Ada Byron King

Countess of Lovelace 




The poet Lord George Gordon Byron, an infamous ladies man, married Anne Isabelle Milbanke on January 2nd 1815 at the urging of Anne's aunt (and Byron's confidant) Lady Melbourne.  Byron was at the end of a scandalous affair with Lady Caroline Lamb, the wife of  Anne's cousin Sir William Lamb.  Augusta Ada Byron was born December of that year.  However, the couple separated in January 1816, a mere month after Ada was born amidst rumors of an affair with Augusta Leigh. On April 25th 1816 Lord Byron left England never to return after signing the legal separation papers with Anne.  In 1824, after a prolonged sickness, Lord Byron died in Greece, where he had been aiding in the war for Greek independence.  Ada was eight years old and had never seen her father after 1816 when she was less than one year old.

Lady Byron, who was an active but distant parent, had been declared sole custodian of Ada  in 1817.  She envisioned a path for Ada that would take her far from her father's poetic interests and lifestyle.  Lady Byron, whom Byron had once called "the Princess of Parallelograms," sought to educate Ada in mathematics and science.  Though Lady Byron discouraged more literary pursuits, she did encourage Ada to develop musically.  When Ada strayed from this often rigorous course of education, Lady Byron was known to punish her by making her lie motionless, making her write apologies, or giving her solitary confinement.  

Ada, for her part, resisted the exclusion of poetry and literary pursuits and even her mathematical and scientific thought had an imaginative and poetic flare.  She was given more time and emotional nurturing by her grandmother Lady Noel (Anne's mother who died in 1822) and later by Mary Somerville whom she met in 1834.  Mary Somerville provided Ada with mathematics texts, problems, and educational advice.  Their relationship provided Ada with a more balanced view of mathematics and science. 

Summerville was herself a quite remarkable person.  Though only given a quite spotty and superficial education as a child (usual for the time), Somerville educated herself quite admirably.  She was only the second woman to read a paper at the Royal Society and publish in its Proceedings.  She went on to write numerous scientific works including texts that became required reading for higher mathematics at Cambridge.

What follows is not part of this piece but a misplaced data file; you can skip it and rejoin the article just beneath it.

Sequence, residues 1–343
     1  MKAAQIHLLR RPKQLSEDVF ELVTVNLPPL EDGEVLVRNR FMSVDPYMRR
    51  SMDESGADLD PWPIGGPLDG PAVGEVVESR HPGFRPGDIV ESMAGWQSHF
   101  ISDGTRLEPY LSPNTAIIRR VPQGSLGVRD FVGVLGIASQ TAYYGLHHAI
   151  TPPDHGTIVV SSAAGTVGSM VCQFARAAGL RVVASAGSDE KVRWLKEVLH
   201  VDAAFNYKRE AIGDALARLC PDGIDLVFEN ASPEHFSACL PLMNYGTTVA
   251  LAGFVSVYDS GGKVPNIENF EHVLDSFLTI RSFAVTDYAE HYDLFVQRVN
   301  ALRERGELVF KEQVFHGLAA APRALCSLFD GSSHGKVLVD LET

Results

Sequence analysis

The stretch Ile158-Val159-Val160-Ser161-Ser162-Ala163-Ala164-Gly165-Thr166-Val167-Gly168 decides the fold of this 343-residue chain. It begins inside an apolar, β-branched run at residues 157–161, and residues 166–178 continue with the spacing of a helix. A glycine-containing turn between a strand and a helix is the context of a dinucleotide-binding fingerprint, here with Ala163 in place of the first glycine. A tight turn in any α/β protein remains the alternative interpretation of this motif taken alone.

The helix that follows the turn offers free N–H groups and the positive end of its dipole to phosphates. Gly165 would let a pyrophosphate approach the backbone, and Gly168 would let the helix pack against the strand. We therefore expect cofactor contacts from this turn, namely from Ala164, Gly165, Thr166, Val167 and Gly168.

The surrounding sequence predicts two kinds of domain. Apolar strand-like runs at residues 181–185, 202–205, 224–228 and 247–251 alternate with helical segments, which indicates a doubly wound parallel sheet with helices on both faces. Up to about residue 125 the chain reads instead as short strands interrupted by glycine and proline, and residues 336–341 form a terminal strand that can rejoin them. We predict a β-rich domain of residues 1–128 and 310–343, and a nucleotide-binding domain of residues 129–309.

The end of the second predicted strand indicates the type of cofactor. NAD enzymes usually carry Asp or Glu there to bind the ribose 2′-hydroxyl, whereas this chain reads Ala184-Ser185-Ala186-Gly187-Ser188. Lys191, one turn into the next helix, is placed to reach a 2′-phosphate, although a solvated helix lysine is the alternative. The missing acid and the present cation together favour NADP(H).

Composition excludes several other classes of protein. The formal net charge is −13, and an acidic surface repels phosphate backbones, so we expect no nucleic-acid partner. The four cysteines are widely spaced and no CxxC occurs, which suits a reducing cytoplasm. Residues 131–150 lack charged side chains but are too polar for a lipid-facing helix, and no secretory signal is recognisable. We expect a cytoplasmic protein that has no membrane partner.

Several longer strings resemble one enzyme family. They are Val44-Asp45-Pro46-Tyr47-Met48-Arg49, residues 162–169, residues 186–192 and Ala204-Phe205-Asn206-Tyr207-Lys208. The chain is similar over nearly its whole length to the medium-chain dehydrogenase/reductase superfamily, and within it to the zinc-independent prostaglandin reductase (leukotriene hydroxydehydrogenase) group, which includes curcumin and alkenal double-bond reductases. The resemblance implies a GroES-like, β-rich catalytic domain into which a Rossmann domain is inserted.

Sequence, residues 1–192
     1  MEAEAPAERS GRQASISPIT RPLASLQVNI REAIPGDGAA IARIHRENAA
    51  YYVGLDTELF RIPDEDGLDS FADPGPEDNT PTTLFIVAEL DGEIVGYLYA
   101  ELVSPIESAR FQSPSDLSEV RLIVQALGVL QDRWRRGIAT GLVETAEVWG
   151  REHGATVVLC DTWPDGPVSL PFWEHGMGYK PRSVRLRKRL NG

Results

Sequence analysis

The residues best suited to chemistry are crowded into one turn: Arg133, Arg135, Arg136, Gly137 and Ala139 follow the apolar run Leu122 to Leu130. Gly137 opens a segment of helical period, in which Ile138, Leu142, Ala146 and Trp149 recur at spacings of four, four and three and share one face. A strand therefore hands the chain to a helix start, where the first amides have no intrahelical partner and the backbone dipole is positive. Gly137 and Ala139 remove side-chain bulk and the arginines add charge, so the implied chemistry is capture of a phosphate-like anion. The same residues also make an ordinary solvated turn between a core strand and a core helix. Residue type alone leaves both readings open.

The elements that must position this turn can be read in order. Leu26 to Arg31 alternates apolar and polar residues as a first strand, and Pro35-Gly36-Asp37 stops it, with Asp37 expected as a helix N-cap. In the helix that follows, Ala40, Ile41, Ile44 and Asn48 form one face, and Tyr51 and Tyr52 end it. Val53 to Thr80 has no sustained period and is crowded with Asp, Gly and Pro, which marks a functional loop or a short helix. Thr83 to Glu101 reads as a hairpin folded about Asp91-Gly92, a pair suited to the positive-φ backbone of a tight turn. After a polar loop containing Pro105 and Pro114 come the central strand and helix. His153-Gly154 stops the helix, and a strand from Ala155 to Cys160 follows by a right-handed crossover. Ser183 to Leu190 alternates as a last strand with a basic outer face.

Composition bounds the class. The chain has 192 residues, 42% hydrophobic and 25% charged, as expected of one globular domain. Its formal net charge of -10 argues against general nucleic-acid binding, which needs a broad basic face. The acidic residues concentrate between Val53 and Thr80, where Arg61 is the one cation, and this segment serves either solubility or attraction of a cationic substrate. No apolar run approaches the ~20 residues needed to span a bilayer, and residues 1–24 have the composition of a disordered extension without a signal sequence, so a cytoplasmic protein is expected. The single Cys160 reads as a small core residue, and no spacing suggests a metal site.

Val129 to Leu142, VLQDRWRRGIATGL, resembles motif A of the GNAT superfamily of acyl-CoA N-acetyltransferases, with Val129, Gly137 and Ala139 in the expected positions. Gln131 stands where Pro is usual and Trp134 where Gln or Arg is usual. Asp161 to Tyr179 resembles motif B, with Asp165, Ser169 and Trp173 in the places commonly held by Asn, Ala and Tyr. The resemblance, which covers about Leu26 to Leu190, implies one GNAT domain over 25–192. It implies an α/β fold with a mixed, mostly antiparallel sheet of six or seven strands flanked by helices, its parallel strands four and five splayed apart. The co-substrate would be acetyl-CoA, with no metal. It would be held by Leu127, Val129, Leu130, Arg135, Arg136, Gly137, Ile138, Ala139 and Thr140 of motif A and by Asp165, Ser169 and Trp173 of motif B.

In 1833 at the age of 17 Ada Byron met Charles Babbage at a party.   Shortly thereafter they visited Babbage's studio in London where the the prototype of Babbage's Difference engine was on display.  This was the beginning of a lifelong friendship and collaboration with Babbage.

In 1835 Ada married William King.  Ada King became the Countess of Lovelace when her husband was made an Earl in 1838.  King appears to have been devoted to Ada, though he was by no means her intellectual equal nor a forceful personality.  The couple had three children; Byron, Annabella, and Ralph Gordon.   The couple were married until Ada's death in 1852, though Ada reportedly flirted with several of her male acquaintances and several scandals involving Ada marked the years of their marriage.  After her death King destroyed over 100 of her letters to male friends. Additionally, Ada drank too much, and her drinking worsened over the years.  She even purportedly contemplated a scientific account of the effects of opium and wine based to some extent upon her own use.  She gambled on horses and involved Babbage in at least one money making scheme to cover her gambling loses.  At one point she pawned some of her jewels to pay gambling debts.  She owed 2000 pounds in gambling debts when she died.

1841 found the Countess of Lovelace studying advanced with Augustus De Morgan.  Ada had long known Sophia Frend, De Morgan's wife of four years.  Sophia Frend's  father had tutored the young Ada Byron in mathematics.  

1850 found Ada in declining health and spirits.  She became estranged that year with her mother.  Lady Byron's deceit and manipulation in demonizing Lord Byron and shaping Ada as his antithesis had ironically driven a wedge between mother and daughter.

In 1852, Augusta Ada the Countess of Lovelace died a victim of the cancer which had likely been undermining her health for years.



Past Notable Women of Computing


MacTutor Biography


Toole's Biography


SDSC Women Scientists Biography

Lovelace Entry in the Babbage Pages